In her book The Shock Doctrine, Naomi Klein demonstrates how wealthy elites often use times of crisis and chaos to impose unpopular policies that restructure economies and political systems to further advance their interests. She calls these orchestrated raids on the public sphere in the wake of catastrophic events, combined with the treatment of disasters as exciting market opportunities, "disaster capitalism."
Disaster capitalism is on display around the country, as legislators use the debt crisis afflicting their states as an opportunity to hollow out the public sector. In Michigan it's being packaged as "emergency financial management" by Republican Gov. Rick Snyder, who is looking to exploit an economic crisis that has left his state with a severe budget deficit. In March, Snyder signed a law granting state-appointed emergency financial managers (EFM) the ability to fire local elected officials, break teachers' and public workers' contracts, seize and sell assets, and eliminate services, entire cities or school districts, all without any public input. He claims these dictatorial restructuring powers will keep Michigan communities out of bankruptcy.
Michigan currently has unelected EFM's in charge of the schools in Detroit, as well as the cities of Pontiac, Ecorse, and Benton Harbor. In Benton Harbor, the city's elected mayor and city commissioners were stripped of all power by unelected EFM, Joseph Harris. Harris issued an order saying the city commissioners have no power beyond calling meetings to order, approving minutes, and adjourning meetings. This decimation of local democracy is spreading. Robert Bobb, the EFM that has taken over Detroit's public school system, sent layoff notices to all of the district's 5,466 unionized employees. Bobb says he will exercise his power as EFM to unilaterally modify the district's collective bargaining agreement with the Federation of Teachers starting May 17, 2011.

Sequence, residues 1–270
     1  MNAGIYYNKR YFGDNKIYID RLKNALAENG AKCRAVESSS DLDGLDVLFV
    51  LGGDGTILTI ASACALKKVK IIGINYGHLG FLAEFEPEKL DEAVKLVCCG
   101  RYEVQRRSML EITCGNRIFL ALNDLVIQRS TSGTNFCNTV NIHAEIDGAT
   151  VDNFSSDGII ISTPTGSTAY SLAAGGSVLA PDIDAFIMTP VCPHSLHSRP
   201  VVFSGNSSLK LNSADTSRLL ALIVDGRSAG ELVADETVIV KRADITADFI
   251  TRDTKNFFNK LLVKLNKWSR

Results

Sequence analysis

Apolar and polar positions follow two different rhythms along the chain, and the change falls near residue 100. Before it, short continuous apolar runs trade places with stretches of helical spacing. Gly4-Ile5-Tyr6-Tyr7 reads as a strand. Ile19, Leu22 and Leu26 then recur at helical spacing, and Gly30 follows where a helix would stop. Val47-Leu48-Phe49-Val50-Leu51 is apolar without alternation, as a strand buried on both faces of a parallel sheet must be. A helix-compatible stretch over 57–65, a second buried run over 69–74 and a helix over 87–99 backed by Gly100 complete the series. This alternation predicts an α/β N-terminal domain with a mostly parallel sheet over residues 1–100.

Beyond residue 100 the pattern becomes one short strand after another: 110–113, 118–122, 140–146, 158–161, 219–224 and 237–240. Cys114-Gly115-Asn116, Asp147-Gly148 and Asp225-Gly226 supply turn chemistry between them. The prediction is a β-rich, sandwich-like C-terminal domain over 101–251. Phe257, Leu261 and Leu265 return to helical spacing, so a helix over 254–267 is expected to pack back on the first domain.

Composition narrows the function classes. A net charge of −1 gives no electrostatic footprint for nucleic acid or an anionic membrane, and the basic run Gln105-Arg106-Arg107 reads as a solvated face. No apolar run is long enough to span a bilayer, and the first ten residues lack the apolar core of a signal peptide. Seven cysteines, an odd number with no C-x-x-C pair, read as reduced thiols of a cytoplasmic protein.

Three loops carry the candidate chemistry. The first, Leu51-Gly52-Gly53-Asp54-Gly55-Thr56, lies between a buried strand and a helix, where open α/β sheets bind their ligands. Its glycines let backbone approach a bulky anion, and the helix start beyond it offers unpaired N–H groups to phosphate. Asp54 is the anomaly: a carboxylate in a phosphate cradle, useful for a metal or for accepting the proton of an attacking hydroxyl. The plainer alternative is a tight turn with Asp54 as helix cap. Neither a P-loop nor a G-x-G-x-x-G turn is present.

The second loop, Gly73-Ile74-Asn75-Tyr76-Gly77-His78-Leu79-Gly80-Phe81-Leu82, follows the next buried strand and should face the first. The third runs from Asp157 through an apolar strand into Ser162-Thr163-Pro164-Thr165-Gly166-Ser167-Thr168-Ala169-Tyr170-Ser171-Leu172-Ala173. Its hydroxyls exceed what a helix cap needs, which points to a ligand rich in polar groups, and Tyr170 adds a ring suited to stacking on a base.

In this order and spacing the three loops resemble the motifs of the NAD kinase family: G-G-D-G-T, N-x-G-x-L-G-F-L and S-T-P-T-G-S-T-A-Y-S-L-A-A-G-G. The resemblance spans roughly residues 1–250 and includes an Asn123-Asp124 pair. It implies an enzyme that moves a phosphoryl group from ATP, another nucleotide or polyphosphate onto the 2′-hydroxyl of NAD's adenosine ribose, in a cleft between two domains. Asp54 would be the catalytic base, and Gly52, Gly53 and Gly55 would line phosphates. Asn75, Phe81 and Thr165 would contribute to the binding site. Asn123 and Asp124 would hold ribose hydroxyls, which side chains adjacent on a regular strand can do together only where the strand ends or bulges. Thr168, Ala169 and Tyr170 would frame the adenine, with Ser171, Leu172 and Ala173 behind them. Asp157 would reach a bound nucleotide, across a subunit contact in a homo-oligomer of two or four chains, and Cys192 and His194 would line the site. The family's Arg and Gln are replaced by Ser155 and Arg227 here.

ACLU of Michigan Executive Director Kary Moss said the law raises concern about separation of powers, its impact on minority communities, collective-bargaining rights and privatization of services. She is absolutely correct. Faced with a deficit, emboldened EFMs can sell off public property to developers, close public schools and authorize charter schools, and void union contracts with literally no recourse for local, tax-paying residents or their elected officials to stop it.
And, it gets worse. Michigan has joined with the Turnaround Management Association (TMA) to develop a training program for prospective emergency managers. According to their website, TMA members are a professional community of turnaround and corporate renewal professionals who share a common interest in strengthening the economy through the restoration of corporate value. Michigan Treasurer Andy Dillon, while speaking about the new program during a seminar on municipal distress, said that mayors and school superintendents are essentially running big businesses that, in many cases, are more complicated than private companies. It's no surprise then, that Wall Street investors are thrilled about the potential impacts of the EFM law.
An estimated 400 accountants, lawyers, school employees, and city workers began classes offered by the program in Lansing, Michigan this week on topics including "Dealing with the Unionized Workforce," navigating municipal bankruptcy and negotiating contracts for sewer, water and other utilities. "Dealing with the Unionized Workforce" is code for destroying unions and has nothing to do with balancing the budget. Gov. Scott Walker (R-WI) in an appearance before the House Oversight Committee, under questioning from Rep. Dennis Kucinich (D-OH), admitted a key provision in his state budget proposal to curb union rights had no fiscal benefit, putting to rest the notion that union-busting governors like Rick Snyder have any intention of actually solving their state's economic woes. As for "negotiating contracts for sewer, water, and other utilities", this is code for privatize, privatize, privatize!
This so-called financial emergency is really a democracy emergency. Local governments are NOT corporations, nor should they resemble them. The true purpose of emergency financial management is the conversion of a democratically elected government into a hierarchal business entity through economic "shock therapy", which would be impossible if workers, elected representatives, and residents had any say. Michigan has become a laboratory for
CEO Governor Rick Snyder to impose disaster capitalism onto his state. If we allow what is taking place in Michigan to continue unabated, it won't be long before disaster capitalism finds its way to a city, town, or school district near you.